Living Here Cush Partners principal Haesley Cush has the ultimate checklist to get your bond money back. Picture: Annette DewI WAS chatting to a one of our tenants this week, like most people he was telling me how well he had looked after the place and that it was way better now than when he moved in. He was in the process of moving out and he wanted to make sure he was going to get his full bond back. So I gave him my advice.When it comes time to leave your rental property there are some things that all tenants should know in order to get their full bond back.The first starts back at the beginning of the lease. Once you signed your lease and take possession of the keys the clock starts ticking. You have three days to review your entry condition report (ECR) and alert your agent to any discrepancies. I always advise tenants to take lots of photos, make notes on the ECR and ensure you return it within the allocated time. This could save you thousands at the end of your lease.Throughout the tenancy, advise your agent of any maintenance issues, even if they don’t bother you. Most tenants are surprised to know that their lease stipulates that they must advise the landlord of any maintenance. This stops a small problem becoming a major job eg. A small water mark in the ceiling becoming the entire roof caving in from built up water damage.Do not leave the keys on the kitchen counter, take it to the landlord or agent.More from newsMould, age, not enough to stop 17 bidders fighting for this homeless than 1 hour agoBuyers ‘crazy’ not to take govt freebies, says 28-yr-old investorless than 1 hour agoUse the real estate agent’s recommended cleaner when it’s time to go. A bond clean is quite expensive. So if you are going to engage a cleaner let the agent appoint them. That way if the property manager is unhappy with the standard of cleanliness then they can deal with the cleaner directly with no extra costs to the tenant.You must return the property to the same standard that it was handed to you, barring any fair wear and tear. This barring any fair wear and tear is the source of many arguments but essentially it’s any damage that is caused by simply using the property in the way it was designed to be used, for example wear to carpets from walking on them.Handing back the property incorrectly can cost thousands. You can’t just simply leave when your lease is up. If you have a lease you are bound to pay rent and look after the property for the entire period of the lease. Once that fixed term lease is finished, if no notice is given, then the lease becomes a periodic lease commonly known as a ‘month-to-month’ lease.You must provide written notice to the landlord that you are leaving. In Queensland this is a minimum of two weeks before you intend to leave, accepting that you can’t just give two weeks mid lease, it needs to be no less than two weeks before the end of your lease or once it becomes a periodic.Possession is often decided on as when the keys are returned. Giving notice and leaving, without returning the keys, can mean the rent keeps ticking over. So don’t just drop them on the bench and leave! Take them to the landlord or agent, ask them to photocopy them and everyone should sign an acknowledgment that they have been returned.* Haesley Cush is the principal of property management firm Living Here Cush Partners.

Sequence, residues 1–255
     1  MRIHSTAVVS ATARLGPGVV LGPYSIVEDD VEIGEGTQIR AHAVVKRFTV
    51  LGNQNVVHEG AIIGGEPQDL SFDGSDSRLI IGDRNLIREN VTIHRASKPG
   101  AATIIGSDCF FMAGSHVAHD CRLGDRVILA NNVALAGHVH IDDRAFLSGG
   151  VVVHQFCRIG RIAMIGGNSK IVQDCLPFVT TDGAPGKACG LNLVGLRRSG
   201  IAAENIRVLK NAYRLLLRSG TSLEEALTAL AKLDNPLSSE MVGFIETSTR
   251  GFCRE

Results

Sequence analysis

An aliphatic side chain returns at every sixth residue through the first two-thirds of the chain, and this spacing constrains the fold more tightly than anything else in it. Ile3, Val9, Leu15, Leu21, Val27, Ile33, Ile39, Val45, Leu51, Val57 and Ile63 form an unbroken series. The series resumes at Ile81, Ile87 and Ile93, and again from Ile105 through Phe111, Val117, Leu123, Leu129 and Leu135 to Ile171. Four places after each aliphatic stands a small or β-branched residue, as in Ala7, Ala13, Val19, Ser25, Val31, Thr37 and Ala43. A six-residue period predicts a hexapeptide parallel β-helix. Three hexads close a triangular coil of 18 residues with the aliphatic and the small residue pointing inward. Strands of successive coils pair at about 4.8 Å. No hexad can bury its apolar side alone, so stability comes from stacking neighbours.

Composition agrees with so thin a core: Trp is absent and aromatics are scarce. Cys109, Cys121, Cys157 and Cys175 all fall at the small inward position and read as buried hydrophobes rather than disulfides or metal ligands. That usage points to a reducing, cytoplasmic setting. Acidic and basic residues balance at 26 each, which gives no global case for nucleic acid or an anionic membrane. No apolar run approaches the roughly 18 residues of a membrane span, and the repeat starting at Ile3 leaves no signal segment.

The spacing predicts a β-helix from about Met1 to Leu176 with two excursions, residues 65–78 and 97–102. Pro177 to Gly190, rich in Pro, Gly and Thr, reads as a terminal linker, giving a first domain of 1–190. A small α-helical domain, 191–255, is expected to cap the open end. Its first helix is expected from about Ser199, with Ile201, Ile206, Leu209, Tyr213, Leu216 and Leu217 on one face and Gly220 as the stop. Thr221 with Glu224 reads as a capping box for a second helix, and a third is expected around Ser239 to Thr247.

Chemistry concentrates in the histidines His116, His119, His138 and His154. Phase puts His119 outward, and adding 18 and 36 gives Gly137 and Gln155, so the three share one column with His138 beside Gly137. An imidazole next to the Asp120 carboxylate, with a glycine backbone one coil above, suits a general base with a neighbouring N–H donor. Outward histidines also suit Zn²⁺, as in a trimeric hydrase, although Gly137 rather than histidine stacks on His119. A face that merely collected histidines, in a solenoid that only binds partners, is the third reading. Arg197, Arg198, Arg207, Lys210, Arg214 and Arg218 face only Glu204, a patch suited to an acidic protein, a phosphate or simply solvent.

Facebook Twitter Google+ Published on September 1, 2010 at 12:00 pm Brian Wagner was having trouble finding gaps. As an inside linebacker gearing up for his third season with the Akron football team, finding gaps and locating the ball are his primary duties. But on that first day of practice this past spring, Wagner might as well have been a freshman. Well, almost. New head coach Rob Ianello was hired over the winter, bringing with him a new defensive formation: a 4-3 scheme. That left Wagner to fill the all-important middle linebacker spot in the defense. On this first day of spring practice, Wagner and the rest of his teammates had to begin to learn Ianello’s new playbook. More than five months later, it is no longer the new defense, it is just the defense. ‘I think everybody getting to know each other was part of it,’ Ianello said. ‘I think we’ve made great strides in that, and I think any growing pains in regards to that transition are over with.’ Ianello’s 4-3 defense is the third defensive formation Akron has played in the past three years. This season, the shift is from an unconventional 3-3-5 back to a standard 4-3. Each year when Wagner and his teammates have arrived at camp, they have had to learn a new set of plays, new calls and new positioning. For Wagner, that turnover has been the hardest part of his offseasons. On Saturday, Wagner and the Zips will test out their new scheme for the first time when Syracuse makes the trip to Ohio in a season opener (6 p.m., ESPN3).AdvertisementThis is placeholder text Senior defensive tackle Almondo Sewell has been with Wagner through all three defenses. He credits some of Wagner’s success last season (132 tackles) to his ability to pick up the playbook quickly and foresees a similar season for him in 2010. ‘(The transition) is going pretty well,’ Sewell said. ‘We have a new defense, but we’ve had a good, long time to get it down pat. Now (defensive coordinator Curt) Mallory gives it to us, and we just run the plays.’ Last season, the Akron defense struggled in the 3-3-5 formation. It gave up an average of nearly 30 points per game. Although the Zips defense got noteworthy numbers from Wagner, they were not enough to get the team past a 3-9 record. Akron struggled to put pressure on the quarterback (11 sacks all last season) or stop the run because it lacked men on the line. Ianello’s plan to have four men up front this year is intended to allow Akron to pack the box and stop the run. Before he came to Akron or met Wagner, Ianello knew that when he ran his own team, he would play a 4-3. He thinks it gives his defense a better chance to put pressure on the quarterback. Centered behind the four men on the line, the middle linebacker, Wagner, orchestrates the plays. ‘You’ve got to have a ‘Mike’ linebacker that can get everybody lined up, knows what everybody’s got to do, knows what he’s got to do and can be a real run stopper,’ Ianello said. ‘Brian does a nice job of all those things.’ Wagner worked all summer to adapt to his new role as the sole man in the middle and the play-caller for the defense. The new responsibilities fit well to the exceptional skill set he displayed last year. He finished second in the Mid-Atlantic Conference in tackles, with an average of 11 per game. His 132 total tackles were 61 more than the next best on the team. A 4-3 defense should allow Wagner the opportunity for even more tackles, because he will be part of every play. ‘I’m right in the middle,’ Wagner said. ‘I’m right in the middle of the defense, so I’m a part of everything. Instead of two linebackers, there’s just me in the middle, so you get a little bit of everything.’ From the experience gained last season and the muscle mass he put on during his summer workouts, Wagner’s statistics have the potential to be even better this year. But Wagner is taking on a lot of responsibility with his duties as the defensive play-caller. Ianello views the middle linebacker as the ‘quarterback of the defense,’ the man who has to get the plays from the bench and then ensure that his teammates are all in position before any given play. Vocal leadership is not something Wagner has taken to in the past. Despite leading his high school team to the playoffs each of his four years and his impressive numbers last season, Wagner tended to lead by example rather than by voice. ‘He was never the boisterous kid out in front or a talk-it-up kind of leader,’ said Steve DeWitt, Wagner’s coach from Catholic Central High School in Springfield, Ohio. ‘Rather his style of play, the intensity that he always practiced with and that he always played with was a real credit to his work ethic. It drove up the intensity of play in all his teammates.’ The quiet Wagner is concerned about becoming more confident on the field. Only a sophomore, he is the anchor of the defense. He has to be more familiar with the playbook than anyone else on the field. His anxiety stems from the responsibility of ensuring everyone is set each play. Wagner will test his confidence in the new defense for the first time Saturday against SU. He was sick for last year’s game at the Carrier Dome, so this will be his first time facing the Orange. The new defense aims to prevent a repeat of Syracuse’s 234 yards rushing against Akron last year. Ianello has faith that the work his middle linebacker did in the offseason will overshadow any insecurity and anticipates Wagner will only lead his defense to improve as the season progresses. ‘I think you gain confidence through knowing what to do,’ Ianello said. ‘Every day, Brian and the other players will continue to grow in their confidence with knowing what to do and being able to play fast.’ firstname.lastname@example.org Comments